So, I was
I did my six miles and I was stretching out, using one of the plastic benches in the mall. I've mentioned before that the mall I go to is dead. And even though it was in the evening, the mall was still fairly quiet, so I didn't feel as if I was hogging up valuable sit down space.
As I'm stretching out my hamstrings, I see a girl round the corner. And I pause for a moment, because....
It was like looking in a mirror. A mirror that didn't reflect what I am now, but what I was.
It wasn't how this girl looked, because we looked nothing alike now, and I didn't look anything like her when I was a teenager. When I was a teenager, I had pale skin, lots of freckles and red hair. Not orange hair, not auburn hair, but flaming red hair. This girl had skin the color of coffee, with lots and lots of cream in it. No freckles lined her face, and you can tell that she probably tans when her family puts up the Christmas lights. Her hair is hard to describe. It ranged in color from blond to dark brown, and when the mall lights hit it just right, it looked like the color of carmel. She was also tall, while I was average. To be honest, I think she was a lot prettier than I was when I was her age. So it certainly wasn't her looks that reminded me of me.
It was her whole attitude. She was wearing a beat up leather jacket, one of those that gathered at the waist and zipped up. Cracks and creases lined the leather. The cuffs of the sleeves were worn almost paper thin. You could tell this jacket had spent a lot of time being dragged around behind someone, sleeves falling in the dirt. Or, being stuffed in a ball and thrown in a corner. It was quite large on her... too large to make me think she had put that much wear into it. I wondered if the jacket was her fathers, or her brothers. One that he had worn most of her life, then one day decided to discard, only to find it rescued by her.
I'll bet her mother cringes every time she sees her wear it. "You have a closet full of clothes, why do you have to wear that ratty old thing?"
And she's tried to explain, but she can't. The jacket comforts her. In a time when everything seems to change, when she's stuck between childhood and adulthood, she wants to hang onto things that always were. The jacket always was. Whoever owned it first wore it when she was younger. Picked her up and swung her around in it. Tossed it around her shoulders to warm her, when she was younger and fell in the lake that spring evening. He was never supposed to stop wearing that jacket, but he did. She couldn't force him to wear it, but she could save it and wear it herself.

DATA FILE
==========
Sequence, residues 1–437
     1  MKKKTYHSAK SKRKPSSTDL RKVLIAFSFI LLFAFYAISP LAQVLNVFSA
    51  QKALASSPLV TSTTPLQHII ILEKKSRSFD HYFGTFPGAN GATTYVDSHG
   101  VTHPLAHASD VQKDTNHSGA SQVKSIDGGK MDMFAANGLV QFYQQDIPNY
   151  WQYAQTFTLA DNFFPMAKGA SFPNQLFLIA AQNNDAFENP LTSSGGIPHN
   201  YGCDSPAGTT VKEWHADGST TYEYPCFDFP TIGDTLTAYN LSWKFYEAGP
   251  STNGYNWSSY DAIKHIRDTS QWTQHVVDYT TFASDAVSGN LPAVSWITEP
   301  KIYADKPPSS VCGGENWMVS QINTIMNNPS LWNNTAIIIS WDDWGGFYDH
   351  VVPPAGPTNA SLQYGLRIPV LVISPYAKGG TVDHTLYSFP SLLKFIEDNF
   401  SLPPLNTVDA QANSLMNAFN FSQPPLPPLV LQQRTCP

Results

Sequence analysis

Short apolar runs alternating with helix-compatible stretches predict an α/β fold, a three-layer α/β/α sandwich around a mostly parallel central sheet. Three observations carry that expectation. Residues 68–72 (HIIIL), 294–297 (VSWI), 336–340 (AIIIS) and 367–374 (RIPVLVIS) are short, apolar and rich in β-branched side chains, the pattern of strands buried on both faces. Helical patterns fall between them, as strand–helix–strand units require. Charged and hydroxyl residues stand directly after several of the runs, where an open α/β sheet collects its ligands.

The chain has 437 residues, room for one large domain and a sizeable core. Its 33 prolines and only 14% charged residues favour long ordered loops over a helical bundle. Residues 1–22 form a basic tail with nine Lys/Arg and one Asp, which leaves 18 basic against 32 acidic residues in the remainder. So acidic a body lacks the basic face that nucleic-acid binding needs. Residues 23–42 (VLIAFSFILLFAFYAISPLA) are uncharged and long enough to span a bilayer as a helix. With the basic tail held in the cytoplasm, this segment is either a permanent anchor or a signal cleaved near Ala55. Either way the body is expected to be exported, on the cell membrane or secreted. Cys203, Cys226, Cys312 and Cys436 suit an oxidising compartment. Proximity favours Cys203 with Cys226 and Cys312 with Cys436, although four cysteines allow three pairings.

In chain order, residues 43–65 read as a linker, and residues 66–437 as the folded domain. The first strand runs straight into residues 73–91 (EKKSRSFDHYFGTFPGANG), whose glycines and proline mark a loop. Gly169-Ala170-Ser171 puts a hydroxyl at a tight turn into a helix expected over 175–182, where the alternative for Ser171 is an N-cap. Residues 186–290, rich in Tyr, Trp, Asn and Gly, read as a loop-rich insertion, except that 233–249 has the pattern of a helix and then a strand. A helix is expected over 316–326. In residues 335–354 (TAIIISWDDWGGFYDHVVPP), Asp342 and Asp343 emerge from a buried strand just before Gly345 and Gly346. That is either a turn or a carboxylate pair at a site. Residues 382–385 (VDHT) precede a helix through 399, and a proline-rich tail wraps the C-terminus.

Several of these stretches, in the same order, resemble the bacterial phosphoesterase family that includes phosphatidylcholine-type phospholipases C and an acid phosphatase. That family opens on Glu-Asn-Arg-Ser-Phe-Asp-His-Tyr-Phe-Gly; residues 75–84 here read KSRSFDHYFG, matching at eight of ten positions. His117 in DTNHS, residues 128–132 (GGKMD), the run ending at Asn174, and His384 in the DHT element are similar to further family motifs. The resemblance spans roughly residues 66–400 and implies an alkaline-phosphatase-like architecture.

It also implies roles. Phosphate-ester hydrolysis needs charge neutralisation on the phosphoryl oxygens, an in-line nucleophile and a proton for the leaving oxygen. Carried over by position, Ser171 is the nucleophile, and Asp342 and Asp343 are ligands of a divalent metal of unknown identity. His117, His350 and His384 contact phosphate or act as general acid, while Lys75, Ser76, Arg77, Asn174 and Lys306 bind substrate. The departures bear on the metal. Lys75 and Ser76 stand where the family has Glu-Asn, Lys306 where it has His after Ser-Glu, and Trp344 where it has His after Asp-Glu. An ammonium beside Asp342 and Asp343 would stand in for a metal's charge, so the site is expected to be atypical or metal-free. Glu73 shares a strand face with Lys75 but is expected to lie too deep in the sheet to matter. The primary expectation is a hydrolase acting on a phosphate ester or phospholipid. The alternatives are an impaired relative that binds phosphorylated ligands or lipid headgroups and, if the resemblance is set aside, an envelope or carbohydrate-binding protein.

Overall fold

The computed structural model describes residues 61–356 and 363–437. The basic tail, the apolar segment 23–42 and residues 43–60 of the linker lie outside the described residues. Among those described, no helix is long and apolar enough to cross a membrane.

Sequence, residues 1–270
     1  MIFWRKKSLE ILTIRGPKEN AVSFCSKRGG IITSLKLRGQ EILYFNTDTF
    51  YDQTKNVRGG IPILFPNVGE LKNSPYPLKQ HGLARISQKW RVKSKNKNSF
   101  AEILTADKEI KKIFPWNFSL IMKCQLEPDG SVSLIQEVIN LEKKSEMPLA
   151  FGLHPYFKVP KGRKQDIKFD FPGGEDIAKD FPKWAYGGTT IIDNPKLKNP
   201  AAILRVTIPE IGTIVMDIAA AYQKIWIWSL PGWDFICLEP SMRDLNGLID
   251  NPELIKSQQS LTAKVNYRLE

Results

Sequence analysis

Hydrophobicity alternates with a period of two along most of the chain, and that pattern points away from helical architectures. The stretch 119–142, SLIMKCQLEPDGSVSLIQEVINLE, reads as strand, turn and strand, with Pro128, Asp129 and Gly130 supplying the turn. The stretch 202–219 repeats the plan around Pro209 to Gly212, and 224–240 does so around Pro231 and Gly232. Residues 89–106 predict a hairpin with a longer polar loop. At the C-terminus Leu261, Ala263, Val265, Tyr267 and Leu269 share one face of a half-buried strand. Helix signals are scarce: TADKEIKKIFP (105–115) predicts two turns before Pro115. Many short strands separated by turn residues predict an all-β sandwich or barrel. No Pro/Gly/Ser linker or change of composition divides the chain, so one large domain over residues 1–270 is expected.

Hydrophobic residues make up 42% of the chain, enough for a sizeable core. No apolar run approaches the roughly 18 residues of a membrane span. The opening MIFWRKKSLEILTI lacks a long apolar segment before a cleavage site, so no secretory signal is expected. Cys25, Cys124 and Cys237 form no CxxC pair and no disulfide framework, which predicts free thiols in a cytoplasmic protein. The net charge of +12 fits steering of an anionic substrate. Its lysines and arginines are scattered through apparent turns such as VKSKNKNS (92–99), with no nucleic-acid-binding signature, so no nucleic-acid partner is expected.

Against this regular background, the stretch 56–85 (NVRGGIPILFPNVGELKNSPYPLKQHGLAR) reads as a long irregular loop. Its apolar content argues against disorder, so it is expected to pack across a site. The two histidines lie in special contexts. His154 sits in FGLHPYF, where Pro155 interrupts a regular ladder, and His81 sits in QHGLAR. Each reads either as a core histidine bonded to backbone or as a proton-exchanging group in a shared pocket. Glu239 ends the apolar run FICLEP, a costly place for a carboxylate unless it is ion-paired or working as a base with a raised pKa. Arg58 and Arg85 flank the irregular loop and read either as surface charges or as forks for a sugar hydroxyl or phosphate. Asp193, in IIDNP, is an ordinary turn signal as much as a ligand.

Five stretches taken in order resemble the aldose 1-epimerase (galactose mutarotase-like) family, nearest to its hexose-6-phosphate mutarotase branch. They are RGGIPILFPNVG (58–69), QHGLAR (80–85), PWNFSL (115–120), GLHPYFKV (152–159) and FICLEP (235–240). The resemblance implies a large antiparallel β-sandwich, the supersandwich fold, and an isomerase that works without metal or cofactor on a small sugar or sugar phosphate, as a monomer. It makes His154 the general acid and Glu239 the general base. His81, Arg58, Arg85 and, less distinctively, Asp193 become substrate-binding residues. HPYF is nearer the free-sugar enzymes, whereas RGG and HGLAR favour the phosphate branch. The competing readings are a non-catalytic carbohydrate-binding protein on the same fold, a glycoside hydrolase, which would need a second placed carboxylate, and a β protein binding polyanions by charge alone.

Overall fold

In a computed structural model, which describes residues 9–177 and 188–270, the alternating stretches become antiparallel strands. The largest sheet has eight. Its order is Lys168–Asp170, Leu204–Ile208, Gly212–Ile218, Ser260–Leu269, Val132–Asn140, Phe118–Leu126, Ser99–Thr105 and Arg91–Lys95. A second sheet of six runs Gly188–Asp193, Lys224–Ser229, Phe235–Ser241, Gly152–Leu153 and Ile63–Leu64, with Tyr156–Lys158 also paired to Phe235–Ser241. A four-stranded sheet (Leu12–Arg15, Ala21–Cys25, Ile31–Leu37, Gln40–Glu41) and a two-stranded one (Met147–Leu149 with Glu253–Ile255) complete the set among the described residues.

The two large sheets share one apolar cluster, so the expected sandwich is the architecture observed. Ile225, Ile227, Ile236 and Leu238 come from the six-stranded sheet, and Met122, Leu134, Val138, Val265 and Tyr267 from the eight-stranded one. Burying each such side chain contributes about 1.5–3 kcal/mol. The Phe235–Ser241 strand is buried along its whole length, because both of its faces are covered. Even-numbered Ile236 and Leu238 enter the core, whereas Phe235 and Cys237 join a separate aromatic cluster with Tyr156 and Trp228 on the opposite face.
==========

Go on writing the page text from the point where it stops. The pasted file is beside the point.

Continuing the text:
She had an arm full of bags. A couple from the cheap-but-trendy clothings store in the mall. One from the drugstore. At least three from Walden books. On her feet were a pair of carmel colored construction boots. These were not the cute type, I saw when I passed one store. Those came in red, blue, pink, and green and had snowy white soles to them. Those are shoes that wouldn't hold up to a days worth of work. The ones she wore were serious. They looked fairly new, except they were slightly darker than brand new construction boots normally are. The color that they become when you apply mink oil. Someone, maybe she herself, wants these boots to last a long time and has done what they can to make sure they do.
But, more than the clothes, it was the look in her face. A nervous look that said she was afraid of being seen, but even worse, that she would be seen by someone she knew, but she'd be ignored. A look that said she was far out of her usual environment.
Amazing. A teenager who wasn't at home in a mall.
She looked around timidly, as if she wasn't sure what she should do. Her hair was beginning to fall into her face, and she looked tired, as if the shopping she had done had taken more out of her than she expected, and now she wasn't quite sure what she should do about it.